• Savings and investment apps give you a brand new card that lets you automatically deposit your spare change or paycheck into a savings or investment account.
  • Savings apps require you to enter all your bills into the app so they can be tracked for you.
  • Investment apps help you invest your saved money in different companies to grow your savings.

Depending on the features offered and the model of the app, they may be free or charge a fee. Bill saving apps like Truebill charge a commission for the savings made, while cashback apps are always free but make money from advertising.

2. Is there an Money Saving Apps that saves your change?
Apps that round up purchases to the nearest dollar and save or invest the excess change have gained popularity in recent years. Many different money saving apps now offer this feature, including Acorns, Stash, Varo and Chime.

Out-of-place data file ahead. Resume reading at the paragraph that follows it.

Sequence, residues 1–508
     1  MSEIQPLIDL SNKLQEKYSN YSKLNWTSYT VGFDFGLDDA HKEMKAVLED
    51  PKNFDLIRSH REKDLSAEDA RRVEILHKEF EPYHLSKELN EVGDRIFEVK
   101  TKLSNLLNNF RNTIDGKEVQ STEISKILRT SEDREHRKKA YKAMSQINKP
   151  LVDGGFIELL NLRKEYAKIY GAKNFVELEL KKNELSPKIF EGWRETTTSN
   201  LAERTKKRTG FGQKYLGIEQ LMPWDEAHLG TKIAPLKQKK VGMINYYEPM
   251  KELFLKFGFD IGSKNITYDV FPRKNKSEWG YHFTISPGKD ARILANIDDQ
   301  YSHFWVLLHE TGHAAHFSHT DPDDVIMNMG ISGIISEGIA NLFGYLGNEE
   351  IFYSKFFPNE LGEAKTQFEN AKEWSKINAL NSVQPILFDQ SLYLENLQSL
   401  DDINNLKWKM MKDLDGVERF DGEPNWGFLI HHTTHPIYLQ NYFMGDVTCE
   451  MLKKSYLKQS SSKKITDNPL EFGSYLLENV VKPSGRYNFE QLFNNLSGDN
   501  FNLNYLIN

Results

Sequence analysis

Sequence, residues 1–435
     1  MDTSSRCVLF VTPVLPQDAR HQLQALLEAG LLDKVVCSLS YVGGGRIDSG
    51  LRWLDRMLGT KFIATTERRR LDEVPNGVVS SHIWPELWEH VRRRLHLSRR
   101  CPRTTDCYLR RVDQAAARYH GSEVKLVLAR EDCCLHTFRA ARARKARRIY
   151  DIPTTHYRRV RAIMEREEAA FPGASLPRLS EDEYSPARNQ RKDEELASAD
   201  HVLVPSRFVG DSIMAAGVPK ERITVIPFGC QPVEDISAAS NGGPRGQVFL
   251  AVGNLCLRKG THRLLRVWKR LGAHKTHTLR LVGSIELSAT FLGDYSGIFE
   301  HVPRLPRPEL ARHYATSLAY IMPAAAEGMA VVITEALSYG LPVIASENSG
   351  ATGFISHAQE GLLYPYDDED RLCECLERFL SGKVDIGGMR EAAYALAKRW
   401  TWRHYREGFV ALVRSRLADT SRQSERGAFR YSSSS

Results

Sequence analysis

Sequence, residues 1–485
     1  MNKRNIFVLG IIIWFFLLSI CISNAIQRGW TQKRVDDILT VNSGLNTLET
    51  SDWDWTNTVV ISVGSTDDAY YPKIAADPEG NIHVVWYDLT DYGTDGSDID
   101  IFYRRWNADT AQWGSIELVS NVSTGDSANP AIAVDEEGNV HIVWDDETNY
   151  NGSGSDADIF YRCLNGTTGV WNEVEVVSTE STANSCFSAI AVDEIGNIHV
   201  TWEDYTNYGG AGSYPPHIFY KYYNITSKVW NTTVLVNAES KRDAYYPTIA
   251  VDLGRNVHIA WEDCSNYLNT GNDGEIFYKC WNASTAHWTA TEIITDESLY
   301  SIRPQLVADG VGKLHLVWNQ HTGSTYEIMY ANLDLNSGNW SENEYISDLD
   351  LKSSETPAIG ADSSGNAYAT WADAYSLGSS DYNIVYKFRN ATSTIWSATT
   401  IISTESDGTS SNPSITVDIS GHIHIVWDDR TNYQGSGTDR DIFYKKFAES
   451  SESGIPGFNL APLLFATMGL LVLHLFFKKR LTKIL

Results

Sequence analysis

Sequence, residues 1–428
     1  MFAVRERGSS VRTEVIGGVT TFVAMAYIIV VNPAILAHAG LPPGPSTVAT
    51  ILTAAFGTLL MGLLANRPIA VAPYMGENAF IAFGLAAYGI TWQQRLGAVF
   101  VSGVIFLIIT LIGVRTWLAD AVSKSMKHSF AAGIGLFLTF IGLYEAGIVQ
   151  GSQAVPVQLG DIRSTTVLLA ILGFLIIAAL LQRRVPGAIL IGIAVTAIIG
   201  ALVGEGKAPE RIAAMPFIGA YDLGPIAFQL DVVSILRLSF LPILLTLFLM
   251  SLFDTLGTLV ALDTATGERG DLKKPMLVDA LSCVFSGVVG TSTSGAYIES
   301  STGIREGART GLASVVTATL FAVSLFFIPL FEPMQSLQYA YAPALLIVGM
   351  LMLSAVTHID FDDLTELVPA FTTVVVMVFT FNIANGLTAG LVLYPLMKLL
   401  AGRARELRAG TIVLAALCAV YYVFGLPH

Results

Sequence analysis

However, this list isn’t exhaustive, and it’s likely that more apps will introduce this feature in the future to meet the demand.

3. Which Money Saving App is Right For You?
Even if you’re the world’s worst budget planner, you can save money as long as you’ve a smartphone. All you need to do is download a few apps and do some basic management tasks before you can passively earn some extra money.

If you can’t afford to save and just need some extra cash to fill your pockets, a cashback or bill pay app can seemingly give you something for free. All you’ve to do is link your card or bills, and the app will check if you qualify for discounts or lower rates.

If you want to save or invest but are tempted to spend the money instead, there are apps that automatically set aside the change from your purchases to help you reach your goals.

However, don’t fall into the trap of thinking that downloading apps is enough to create a solid financial management plan. In reality, that’s just the first step: keeping a budget and monitoring your spending are just as important as ever. Luckily, there’s an app for that, too.

Save money with apps